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Why is my wax turning brown after burning?


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I am trying to find the optimal balance between strong hot throw and my wax not turning a gross brownish color after burning. The candle in question is a vanilla cake candle with no color dye - 8% FO - and I’m trying various blends of 6006 and 4627 together with LX wicks, premier wicks and zinc core wicks. The more (paraffin) 4627, the easier the wax burns and the darker brown it turns. The hotter the wick (LX>Premier>Zinc), the easier the wax burns and the darker brown it turns. I’ve made so many candles, and I’m seriously struggling at this point. A 50/50 blend of 6006/4627 with zinc core wick provides essentially no browning or burning of the wax, but with a throw that isn’t strong enough for me. A 75/25 blend of 6006/4627 with LX 14 wicks provides great throw, but the wax burns and browns and starts to smell burnt and sooty. Why does this happen? Is it the vanillin burning? Is it the wax burning? Does anyone have any experience or advice with this scenario? I would sincerely appreciate it. 
 

 

Edited by INEDINCRED88
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On 9/16/2021 at 11:12 PM, INEDINCRED88 said:

I am trying to find the optimal balance between strong hot throw and my wax not turning a gross brownish color after burning. The candle in question is a vanilla cake candle with no color dye - 8% FO - and I’m trying various blends of 6006 and 4627 together with LX wicks, premier wicks and zinc core wicks. The more (paraffin) 4627, the easier the wax burns and the darker brown it turns. The hotter the wick (LX>Premier>Zinc), the easier the wax burns and the darker brown it turns. I’ve made so many candles, and I’m seriously struggling at this point. A 50/50 blend of 6006/4627 with zinc core wick provides essentially no browning or burning of the wax, but with a throw that isn’t strong enough for me. A 75/25 blend of 6006/4627 with LX 14 wicks provides great throw, but the wax burns and browns and starts to smell burnt and sooty. Why does this happen? Is it the vanillin burning? Is it the wax burning? Does anyone have any experience or advice with this scenario? I would sincerely appreciate it.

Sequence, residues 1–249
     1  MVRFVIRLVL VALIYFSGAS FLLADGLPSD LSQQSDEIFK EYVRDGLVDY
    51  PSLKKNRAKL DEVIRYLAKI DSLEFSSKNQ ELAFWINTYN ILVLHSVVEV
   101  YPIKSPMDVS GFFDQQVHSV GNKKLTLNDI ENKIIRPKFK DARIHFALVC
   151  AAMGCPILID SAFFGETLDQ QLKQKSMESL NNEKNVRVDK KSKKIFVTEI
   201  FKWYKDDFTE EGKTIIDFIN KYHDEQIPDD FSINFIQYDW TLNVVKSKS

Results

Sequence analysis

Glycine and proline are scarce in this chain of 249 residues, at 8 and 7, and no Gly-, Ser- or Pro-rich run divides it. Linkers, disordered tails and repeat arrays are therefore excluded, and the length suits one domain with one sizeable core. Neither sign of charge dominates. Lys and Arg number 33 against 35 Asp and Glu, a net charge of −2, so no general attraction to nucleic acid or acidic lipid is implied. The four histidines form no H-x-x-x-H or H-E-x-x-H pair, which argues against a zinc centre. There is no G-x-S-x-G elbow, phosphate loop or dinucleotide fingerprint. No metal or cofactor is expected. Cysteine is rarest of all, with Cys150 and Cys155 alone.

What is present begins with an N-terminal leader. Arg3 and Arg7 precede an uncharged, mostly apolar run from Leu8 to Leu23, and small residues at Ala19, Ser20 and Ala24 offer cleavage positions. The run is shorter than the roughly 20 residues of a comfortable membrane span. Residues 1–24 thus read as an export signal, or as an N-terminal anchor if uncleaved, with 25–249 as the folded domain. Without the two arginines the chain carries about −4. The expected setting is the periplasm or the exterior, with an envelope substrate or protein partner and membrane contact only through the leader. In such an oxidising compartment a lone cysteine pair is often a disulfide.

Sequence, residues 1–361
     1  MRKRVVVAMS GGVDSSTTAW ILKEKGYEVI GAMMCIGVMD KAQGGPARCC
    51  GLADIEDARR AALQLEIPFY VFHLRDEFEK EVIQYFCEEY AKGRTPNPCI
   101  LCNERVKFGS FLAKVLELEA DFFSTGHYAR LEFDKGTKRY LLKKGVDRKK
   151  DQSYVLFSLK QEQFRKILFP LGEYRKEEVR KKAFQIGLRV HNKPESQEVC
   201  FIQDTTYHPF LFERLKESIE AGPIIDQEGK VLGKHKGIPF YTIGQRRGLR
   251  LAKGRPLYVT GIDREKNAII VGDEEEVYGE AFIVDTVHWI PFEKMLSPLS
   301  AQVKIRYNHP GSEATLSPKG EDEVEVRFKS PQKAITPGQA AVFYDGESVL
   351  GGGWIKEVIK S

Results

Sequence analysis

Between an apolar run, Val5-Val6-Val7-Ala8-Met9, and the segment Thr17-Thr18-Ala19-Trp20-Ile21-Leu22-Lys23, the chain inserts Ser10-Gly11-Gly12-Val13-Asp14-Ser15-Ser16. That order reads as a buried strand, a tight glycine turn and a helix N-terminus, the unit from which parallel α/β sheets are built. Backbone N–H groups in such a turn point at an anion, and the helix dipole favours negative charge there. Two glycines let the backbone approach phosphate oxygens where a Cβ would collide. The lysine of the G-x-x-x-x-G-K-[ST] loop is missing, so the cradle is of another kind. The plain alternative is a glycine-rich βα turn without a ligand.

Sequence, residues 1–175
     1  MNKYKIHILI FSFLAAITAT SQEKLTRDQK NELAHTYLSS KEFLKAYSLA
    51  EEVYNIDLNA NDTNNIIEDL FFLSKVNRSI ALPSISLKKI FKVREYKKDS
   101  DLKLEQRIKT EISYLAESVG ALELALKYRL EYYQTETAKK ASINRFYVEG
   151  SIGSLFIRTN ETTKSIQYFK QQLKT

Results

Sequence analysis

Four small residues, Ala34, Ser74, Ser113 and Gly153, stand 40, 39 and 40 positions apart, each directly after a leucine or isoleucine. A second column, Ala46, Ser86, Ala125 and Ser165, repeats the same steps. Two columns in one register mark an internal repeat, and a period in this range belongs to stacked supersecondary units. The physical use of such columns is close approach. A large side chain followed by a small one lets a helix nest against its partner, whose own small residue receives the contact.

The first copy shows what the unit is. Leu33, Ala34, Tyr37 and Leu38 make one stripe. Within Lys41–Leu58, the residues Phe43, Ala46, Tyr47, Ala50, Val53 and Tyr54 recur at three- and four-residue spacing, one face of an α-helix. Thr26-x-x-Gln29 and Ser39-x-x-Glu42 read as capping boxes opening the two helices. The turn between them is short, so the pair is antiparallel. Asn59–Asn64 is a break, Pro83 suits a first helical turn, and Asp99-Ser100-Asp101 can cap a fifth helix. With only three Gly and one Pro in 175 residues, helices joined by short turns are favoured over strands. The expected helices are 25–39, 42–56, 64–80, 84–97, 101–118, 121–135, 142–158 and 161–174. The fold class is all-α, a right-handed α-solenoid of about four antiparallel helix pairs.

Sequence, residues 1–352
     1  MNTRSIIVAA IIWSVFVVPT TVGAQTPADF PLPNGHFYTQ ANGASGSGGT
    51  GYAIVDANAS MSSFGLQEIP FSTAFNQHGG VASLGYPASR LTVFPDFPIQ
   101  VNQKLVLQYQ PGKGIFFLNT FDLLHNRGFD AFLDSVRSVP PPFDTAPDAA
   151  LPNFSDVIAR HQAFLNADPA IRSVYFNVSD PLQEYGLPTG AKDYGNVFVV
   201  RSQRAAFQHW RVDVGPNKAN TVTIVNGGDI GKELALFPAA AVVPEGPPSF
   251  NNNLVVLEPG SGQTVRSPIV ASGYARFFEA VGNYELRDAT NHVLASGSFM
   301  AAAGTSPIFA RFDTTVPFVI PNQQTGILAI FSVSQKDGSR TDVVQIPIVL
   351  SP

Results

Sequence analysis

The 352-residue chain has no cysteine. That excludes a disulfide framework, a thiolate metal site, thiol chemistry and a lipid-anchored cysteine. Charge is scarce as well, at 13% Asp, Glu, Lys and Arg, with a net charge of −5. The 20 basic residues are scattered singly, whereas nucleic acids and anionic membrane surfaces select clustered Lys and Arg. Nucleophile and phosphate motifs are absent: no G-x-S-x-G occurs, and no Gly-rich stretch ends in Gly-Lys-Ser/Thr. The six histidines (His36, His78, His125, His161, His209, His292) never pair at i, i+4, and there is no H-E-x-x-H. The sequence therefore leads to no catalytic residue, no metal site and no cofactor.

As soon as I read “vanilla”….you had my empathy. I have avoided all vanilla FO for this reason.

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Thanks for all your replies. Vanilla seems to be very hard to work with, but what is confusing me is that all the research I do seems to indicate the turning brown is normal but the vanilla smelling sooty and Smokey upon all successive “relights“ is not normal. I’m just wondering why this is so difficult? I mean Yankee and BBW feature vanilla in their candles all the time and it doesn’t smell like burnt sooty vanilla. I will try everyone’s suggestions, from smaller wicks to other vanilla blends to see what I come up with. Thanks again, all. 

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Generally speaking, I have no problems with vanilla scents or FO's that contain vanillin, other than the normal discoloration that comes from using the darker oils.  Discoloration when burning is usually due to wick debris or a wick that is too hot IME, and it can happen regardless of vanillin.  

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5 hours ago, bfroberts said:

Generally speaking, I have no problems with vanilla scents or FO's that contain vanillin, other than the normal discoloration that comes from using the darker oils.  Discoloration when burning is usually due to wick debris or a wick that is too hot IME, and it can happen regardless of vanillin.  

That helps - Could you maybe give some examples on waxes and wicks you use? I’ve wasted hundreds of dollars in supplies making candles that are awful and I could really use some direction. 

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10 hours ago, INEDINCRED88 said:

That helps - Could you maybe give some examples on waxes and wicks you use? I’ve wasted hundreds of dollars in supplies making candles that are awful and I could really use some direction. 

I use several waxes depending on the client, but for various parasoy's I use Eco and CD mostly.  For my paraffins, I use mostly LX.

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